A leader’s ability to build a healthy team makes or breaks an organization’s productivity and profitability.
Not only does a healthy, engaged team have a direct correlation to a strong bottom line, but if a leader’s team begins to fray, splinter, and atrophy–initiating and perpetuating a revolving door of transition–the corporate and personal costs to the organization, the leader, and their team members can be exorbitant.1
What is Team Health?
Team health is how a leader recognizes and understands whether their people are connected to the company mission and each other in a way that ensures operational success.
Seems Obvious, Right?
While the positive implications of a healthy team seem obvious to most leaders, what’s required to cultivate and sustain a healthy team may not be.
Many leaders feel confident and competent to navigate the ebb and flow of the market, traverse the expectations and desires of shareholders, prepare dynamic keynotes for conferences, etc., but when it comes to traversing the waters of team dynamics and health, many leaders struggle mightily.
Despite being armed with data and figures and reports, many leaders still wrestle with an execution gap that exists between how they want their teams to be and what’s actually the case.
Here are a few key ways to close the gap, bolster your confidence as a relational leader, and sustain team health.
5 Ways to Sustain a Healthy Team
1. Communication is King: Communication runs through every aspect of a team, like the cardiovascular system (heart, lungs, veins, etc.) through the human body. A body is healthy when there’s clean, continuous blood flow. Similarly, a team flourishes from the continuous presence of clear communication. From vision and strategy to role expectations, affirmations, and constructive feedback, clear communication is essential. So much so that when PROMARK coaches were asked, “What creates a healthy team?” one coach simply responded, “communicate, communicate, communicate.”
2. Develop Trust: If communication is like the cardiovascular system, trust is the backbone. Trust provides a team with the key structural integrity to move forward while adjusting and accommodating the pressures of high demands and new dilemmas. Leaders develop trust by demonstrating trust: When they bring on the right hires for the right tasks and provide resources to accomplish the job, leaders need to then trust those hires to accomplish what they’ve set out to do. When a leader trusts their team, the team trusts their leader. Studies show that though trust may be an intangible quality, it has tangible, measurable economic effects on an organization.2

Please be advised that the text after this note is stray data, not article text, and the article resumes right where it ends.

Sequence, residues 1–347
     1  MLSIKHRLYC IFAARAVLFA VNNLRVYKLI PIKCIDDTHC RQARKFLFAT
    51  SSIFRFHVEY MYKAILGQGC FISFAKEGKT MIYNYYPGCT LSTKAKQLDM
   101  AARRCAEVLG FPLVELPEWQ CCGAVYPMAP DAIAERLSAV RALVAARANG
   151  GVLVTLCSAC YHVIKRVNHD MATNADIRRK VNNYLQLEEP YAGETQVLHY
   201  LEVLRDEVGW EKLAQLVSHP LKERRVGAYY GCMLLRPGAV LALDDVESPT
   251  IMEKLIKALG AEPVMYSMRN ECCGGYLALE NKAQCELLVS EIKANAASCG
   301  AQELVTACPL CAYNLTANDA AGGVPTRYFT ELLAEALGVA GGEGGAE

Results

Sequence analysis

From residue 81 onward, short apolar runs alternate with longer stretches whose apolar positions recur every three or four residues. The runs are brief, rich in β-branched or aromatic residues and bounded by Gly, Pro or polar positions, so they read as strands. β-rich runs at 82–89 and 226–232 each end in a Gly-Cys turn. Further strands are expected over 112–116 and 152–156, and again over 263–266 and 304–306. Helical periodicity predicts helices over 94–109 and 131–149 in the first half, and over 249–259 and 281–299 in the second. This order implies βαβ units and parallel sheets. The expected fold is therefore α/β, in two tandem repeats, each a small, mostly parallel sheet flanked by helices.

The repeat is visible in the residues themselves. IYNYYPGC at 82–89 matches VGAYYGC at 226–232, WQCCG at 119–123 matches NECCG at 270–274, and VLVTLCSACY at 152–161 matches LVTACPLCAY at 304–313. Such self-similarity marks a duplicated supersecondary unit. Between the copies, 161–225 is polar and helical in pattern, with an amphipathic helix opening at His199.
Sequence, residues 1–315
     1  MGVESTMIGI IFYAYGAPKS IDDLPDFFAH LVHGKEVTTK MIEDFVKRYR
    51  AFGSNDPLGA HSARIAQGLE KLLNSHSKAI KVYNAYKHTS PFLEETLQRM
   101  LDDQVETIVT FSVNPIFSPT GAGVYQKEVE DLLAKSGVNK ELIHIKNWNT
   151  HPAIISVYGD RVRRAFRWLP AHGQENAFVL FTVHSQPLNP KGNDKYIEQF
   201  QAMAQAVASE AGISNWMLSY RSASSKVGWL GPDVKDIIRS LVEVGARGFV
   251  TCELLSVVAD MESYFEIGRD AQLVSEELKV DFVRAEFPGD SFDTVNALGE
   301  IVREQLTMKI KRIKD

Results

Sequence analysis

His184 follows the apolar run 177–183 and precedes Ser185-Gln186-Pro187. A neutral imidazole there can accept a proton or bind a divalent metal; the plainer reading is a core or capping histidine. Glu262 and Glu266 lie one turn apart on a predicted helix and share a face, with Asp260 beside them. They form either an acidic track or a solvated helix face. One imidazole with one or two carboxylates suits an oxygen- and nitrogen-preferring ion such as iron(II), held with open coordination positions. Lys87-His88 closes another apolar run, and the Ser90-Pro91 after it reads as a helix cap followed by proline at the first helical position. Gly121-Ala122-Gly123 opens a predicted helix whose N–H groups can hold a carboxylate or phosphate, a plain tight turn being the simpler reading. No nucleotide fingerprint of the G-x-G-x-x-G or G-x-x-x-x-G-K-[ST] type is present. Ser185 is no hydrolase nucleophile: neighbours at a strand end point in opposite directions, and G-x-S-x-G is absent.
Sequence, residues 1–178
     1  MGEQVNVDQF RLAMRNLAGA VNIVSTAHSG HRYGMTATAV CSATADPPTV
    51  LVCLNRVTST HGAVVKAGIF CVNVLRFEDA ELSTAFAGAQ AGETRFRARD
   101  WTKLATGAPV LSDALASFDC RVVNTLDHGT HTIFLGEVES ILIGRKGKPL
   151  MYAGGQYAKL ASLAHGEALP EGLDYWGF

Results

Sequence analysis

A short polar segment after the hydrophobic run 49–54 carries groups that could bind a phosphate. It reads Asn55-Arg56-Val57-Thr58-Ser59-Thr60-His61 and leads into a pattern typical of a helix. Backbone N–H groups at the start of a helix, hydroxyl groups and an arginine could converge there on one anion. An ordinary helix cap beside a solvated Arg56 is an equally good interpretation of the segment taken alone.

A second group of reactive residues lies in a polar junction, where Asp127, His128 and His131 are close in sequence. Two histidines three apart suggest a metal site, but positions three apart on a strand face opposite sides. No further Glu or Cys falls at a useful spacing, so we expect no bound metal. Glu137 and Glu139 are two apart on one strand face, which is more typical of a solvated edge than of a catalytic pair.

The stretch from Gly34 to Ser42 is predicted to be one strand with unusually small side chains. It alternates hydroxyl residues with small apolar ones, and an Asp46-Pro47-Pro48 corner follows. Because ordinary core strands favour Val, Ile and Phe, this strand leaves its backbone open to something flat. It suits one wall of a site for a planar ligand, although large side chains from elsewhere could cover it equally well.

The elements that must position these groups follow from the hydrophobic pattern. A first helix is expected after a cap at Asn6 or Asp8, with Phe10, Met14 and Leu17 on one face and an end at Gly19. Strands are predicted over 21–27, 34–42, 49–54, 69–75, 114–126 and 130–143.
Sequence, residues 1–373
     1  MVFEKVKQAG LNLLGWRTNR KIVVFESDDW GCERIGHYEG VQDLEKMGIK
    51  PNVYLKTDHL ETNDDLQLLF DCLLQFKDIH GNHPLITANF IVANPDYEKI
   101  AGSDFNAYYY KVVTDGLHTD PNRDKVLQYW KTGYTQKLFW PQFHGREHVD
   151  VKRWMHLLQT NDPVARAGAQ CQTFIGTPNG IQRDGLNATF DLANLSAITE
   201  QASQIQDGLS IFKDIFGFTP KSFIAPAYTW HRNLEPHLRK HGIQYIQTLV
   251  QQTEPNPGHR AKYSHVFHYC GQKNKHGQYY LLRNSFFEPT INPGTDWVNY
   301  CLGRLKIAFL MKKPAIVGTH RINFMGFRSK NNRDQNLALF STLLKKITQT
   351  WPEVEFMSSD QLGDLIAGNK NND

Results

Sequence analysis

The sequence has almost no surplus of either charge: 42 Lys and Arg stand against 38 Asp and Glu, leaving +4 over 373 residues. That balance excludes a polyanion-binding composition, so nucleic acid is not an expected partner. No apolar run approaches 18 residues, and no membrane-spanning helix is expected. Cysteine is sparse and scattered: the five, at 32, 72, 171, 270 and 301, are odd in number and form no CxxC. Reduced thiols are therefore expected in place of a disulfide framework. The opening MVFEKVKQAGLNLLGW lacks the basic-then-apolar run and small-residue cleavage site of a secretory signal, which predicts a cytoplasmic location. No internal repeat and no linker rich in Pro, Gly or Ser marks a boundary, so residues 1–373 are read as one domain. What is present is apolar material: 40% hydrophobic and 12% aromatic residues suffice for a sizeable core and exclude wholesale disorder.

3. Take Back the Meeting: For many, meetings feel like a time sink or necessary evil. But they’re still a great way to bring your team together to establish clarity, connection, and clear calls to action. Here are a few ways to “take back the meeting”:
Make sure meetings are at everyone’s level. Talk to your team, not over them;
Find creative ways to recognize the accomplishments and successes of various team members;
Create space for guided conversations and contributions from the team. While brief meetings are the best meetings, make sure there’s adequate space for team members to contribute.
Ensure meetings have a purpose-driven by an itinerary or agenda with what to accomplish. Leave the meeting with documented action items that are both realistic and time-sensitive.
4. Provide Regular Feedback: “End of the year reviews are passé,” shared one PROMARK coach. Employees want to be challenged, pursue new goals, and feel like they’re growing to their full potential. Waiting for a mid- or end-of-year review to provide team members feedback oftentimes leaves them, especially top performers, inefficiently expending energy, leading to stagnation and feeling vocationally unfulfilled. While it’s up to every leader to define what is “regular,” recurrent feedback helps cultivate clear expectations, and coaching opportunities and garnered trust between a manager and their team. Taking one or two minutes to praise both individuals and work teams in public creates massive potential for increased eagerness and engagement.
5. Harness Productive Conflict: No one enjoys conflict, but even among the smallest of teams, it’s inevitable. Truth is, healthy teams aren’t marked by an absence of conflict. Rather, a healthy team is one that knows how to appropriately address conflict and implement conflict resolution. Though a healthy team may experience destructive conflict with less frequency, equipping and empowering teams to productively respond to conflict rather than reacting to it helps generate healthy, transparent interactions between team members. Taking time to address the causes of conflict and the reasons it can be perpetuated, along with providing the skills and tools necessary to cultivate productive conflict it, is a great way for teams to practice and integrate clear communication skills and develop trust among peers. While more tools exist to help leaders drive and sustain team health, these five are immutable regardless of a team’s size and dynamics and a leader’s workplace style. Leaders who master these will find their teams transcending from mere functionality into a higher-performing team.
Do you wrestle with an execution gap between knowing why team health is important and helping provide it? We can help. Contact us today.